The battle began in 2018, when then-OKEx CEO Chris Lee defected to Huobi to become vice president of global business development.
“There’s a natural friction between OKEx and Huobi,” Matthew Graham, chief executive officer of Beijing-based crypto consultancy Sino Global Capital, said. “While they have both pushed to enlarge their international footprints, they still prioritize their Chinese user base.”
A regional turf war takes place in the context of crypto’s illegality. Officially, Huobi doesn’t acknowledge the Chinese cryptocurrency market exists: “There is not a market in China. That is not legal,” a representative said, though Huobi appears to be getting nearly a third of its website traffic from Chinese visitors, versus 14% for OKEx, according to a website tracker.
However, other competitive fields are easier to quantify. OKEx is the world’s biggest crypto derivatives exchange, with outstanding contracts valued at $1.26 billion. Huobi trails with $1.25 billion in outstanding contracts.
The close competition has led to novel derivative products from both exchanges – though some see the real prize as winning a favored position with the Chinese government.
Last year, President Xi announced China would “seize the opportunity” of blockchain, spurring increased testing of a digital yuan, the establishment of an open blockchain-based services network and other digital infrastructure development.
On that count, Huobi might be one move ahead of OKEx: The Chinese branch of Huobi has joined the Blockchain-Based Service Network (BSN) Development Alliance, which aims to be one of the most influential infrastructure services providers in the country.
Bitcoin is eyeing an August gain for the first time in three years, but is lagging behind U.S. stocks for the month. The cryptocurrency is trading near $11,610 at press time, representing a 2.27% gain on a month-to-date basis, according to CoinDesk’s Bitcoin Price Index, while the S&P 500 is on track for a 7.25% gain this August. Bitcoin faced rejection at highs above 12,400 on Aug. 17 and has been restricted largely to a range of $11,100 to $11,800 ever since, CoinDesk’s markets reporter Omkar Godbole said.
Private key management specialist Torus unveiled a one-click Chrome and Brave browser extension to provide Web3 experiences. Called tKey, the product is a custom version of two-factor authentication (2FA), that enables single login for their wallet and could be used to secure other devices – like a mobile phone. At a high level, Torus splits and distributes sensitive data needed to construct a user’s private key between the user and nodes on the Torus network, which includes Binance, Ethereum Name Service (ENS), Etherscan, Matic Network, Ontology, Skale, Tendermint Core and Zilliqa, CoinDesk’s Ian Allison reports.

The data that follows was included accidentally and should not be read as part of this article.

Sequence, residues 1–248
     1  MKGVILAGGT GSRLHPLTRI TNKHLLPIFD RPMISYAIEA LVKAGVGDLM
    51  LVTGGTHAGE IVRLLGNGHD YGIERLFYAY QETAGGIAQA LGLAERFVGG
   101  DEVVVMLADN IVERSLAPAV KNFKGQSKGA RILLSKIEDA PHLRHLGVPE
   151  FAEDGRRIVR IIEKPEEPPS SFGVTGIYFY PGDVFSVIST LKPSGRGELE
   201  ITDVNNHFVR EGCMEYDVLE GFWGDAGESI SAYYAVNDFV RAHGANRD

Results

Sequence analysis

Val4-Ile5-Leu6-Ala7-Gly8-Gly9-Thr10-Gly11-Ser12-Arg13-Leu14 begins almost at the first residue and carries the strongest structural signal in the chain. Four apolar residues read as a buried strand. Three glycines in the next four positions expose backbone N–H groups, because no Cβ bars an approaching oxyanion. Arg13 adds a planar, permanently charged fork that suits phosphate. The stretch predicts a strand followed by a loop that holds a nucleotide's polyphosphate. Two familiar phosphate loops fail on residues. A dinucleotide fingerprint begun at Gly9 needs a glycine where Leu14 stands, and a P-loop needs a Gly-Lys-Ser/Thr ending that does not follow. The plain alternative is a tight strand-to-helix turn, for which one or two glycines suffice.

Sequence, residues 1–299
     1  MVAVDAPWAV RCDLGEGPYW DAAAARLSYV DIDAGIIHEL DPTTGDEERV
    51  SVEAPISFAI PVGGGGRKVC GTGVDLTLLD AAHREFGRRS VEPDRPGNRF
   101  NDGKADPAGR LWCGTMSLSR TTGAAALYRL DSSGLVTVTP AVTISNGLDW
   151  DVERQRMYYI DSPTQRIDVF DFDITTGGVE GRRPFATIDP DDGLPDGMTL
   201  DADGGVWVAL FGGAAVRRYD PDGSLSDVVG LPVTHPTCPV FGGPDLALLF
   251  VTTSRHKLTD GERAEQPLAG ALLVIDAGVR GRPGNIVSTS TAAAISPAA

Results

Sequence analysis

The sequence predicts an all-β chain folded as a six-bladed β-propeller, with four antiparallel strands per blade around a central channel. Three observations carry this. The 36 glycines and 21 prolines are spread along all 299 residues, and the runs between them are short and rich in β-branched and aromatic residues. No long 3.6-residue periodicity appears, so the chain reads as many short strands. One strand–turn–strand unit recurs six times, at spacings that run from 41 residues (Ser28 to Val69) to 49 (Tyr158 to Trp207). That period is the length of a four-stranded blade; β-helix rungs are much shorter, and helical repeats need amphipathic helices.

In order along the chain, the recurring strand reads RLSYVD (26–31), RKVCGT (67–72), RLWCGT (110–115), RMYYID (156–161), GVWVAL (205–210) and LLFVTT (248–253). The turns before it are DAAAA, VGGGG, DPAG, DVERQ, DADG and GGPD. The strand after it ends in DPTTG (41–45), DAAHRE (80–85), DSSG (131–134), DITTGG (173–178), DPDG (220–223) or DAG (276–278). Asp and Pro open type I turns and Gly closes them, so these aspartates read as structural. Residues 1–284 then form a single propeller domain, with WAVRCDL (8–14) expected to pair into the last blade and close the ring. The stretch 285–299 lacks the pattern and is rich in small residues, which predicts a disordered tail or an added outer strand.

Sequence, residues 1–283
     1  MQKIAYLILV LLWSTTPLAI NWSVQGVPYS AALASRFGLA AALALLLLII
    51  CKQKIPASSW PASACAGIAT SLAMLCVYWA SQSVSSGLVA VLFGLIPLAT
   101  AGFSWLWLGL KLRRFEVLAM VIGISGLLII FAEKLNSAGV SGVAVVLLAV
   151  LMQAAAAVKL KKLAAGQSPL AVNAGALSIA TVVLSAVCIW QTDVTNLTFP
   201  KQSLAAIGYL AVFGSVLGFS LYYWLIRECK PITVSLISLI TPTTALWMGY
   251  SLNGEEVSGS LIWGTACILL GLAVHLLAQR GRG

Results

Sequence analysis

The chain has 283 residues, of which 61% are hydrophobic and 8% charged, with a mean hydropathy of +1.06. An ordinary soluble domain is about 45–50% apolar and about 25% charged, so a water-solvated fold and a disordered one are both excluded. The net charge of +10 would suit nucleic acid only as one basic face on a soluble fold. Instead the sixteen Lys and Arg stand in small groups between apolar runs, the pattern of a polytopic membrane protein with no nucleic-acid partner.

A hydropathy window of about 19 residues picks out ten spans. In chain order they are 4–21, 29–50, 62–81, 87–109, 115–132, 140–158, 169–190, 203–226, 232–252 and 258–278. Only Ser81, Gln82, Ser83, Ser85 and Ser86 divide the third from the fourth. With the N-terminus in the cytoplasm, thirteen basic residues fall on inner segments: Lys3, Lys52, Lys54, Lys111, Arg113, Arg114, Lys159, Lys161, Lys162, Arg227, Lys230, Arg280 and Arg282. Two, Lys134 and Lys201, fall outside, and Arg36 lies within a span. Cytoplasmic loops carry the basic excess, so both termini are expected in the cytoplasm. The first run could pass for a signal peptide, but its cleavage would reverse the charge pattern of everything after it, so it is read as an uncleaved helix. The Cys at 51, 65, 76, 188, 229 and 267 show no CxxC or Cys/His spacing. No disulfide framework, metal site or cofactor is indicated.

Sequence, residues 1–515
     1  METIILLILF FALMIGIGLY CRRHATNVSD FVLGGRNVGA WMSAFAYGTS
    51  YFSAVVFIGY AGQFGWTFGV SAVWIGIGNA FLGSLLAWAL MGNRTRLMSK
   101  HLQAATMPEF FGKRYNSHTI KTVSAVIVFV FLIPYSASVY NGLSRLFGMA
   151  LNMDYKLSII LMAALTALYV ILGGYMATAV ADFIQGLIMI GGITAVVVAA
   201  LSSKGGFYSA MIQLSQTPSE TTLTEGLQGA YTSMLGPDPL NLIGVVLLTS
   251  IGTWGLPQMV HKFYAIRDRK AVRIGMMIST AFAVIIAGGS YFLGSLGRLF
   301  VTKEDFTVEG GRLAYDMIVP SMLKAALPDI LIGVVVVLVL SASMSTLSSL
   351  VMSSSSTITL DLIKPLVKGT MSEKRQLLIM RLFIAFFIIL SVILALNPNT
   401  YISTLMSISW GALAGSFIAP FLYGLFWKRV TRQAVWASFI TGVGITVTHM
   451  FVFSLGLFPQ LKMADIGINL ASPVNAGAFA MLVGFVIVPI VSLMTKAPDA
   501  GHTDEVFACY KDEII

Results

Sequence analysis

Last week, Chairman of the U.S. Federal Reserve Jerome Powell announced the central bank will allow inflation to run higher than its longstanding 2% target, without raising interest rates. CoinDesk’s Head of Research Noelle Acheson sees this as a profound shift in the role of the central bank, which might have repercussions for the crypto industry. “If 2020 teaches us one thing, it has to be that assumptions don’t last, and that we all need to be flexible. In a world where everything is undergoing a transformation, barriers come down faster. And, as uncomfortable as it may be, change is always an opportunity, especially when it comes from unexpected areas. In our industry, it’s what we’ve been hoping for,” she writes.
Frances Coppola, a CoinDesk columnist and author of “The Case for People’s Quantitative Easing,” thinks one way to increase inflation, which has consistently fallen below a targeted 2%, is to just give people money. “From beyond the grave, [John Maynard] Keynes sends a powerful message to today’s leaders. If you want inflation to rise, Mr. Powell, you need to get people spending. Announcing that you will permit prices to rise more quickly won’t achieve this. And neither will increasing the money supply, unless that money goes to people who are likely to spend it,” she writes.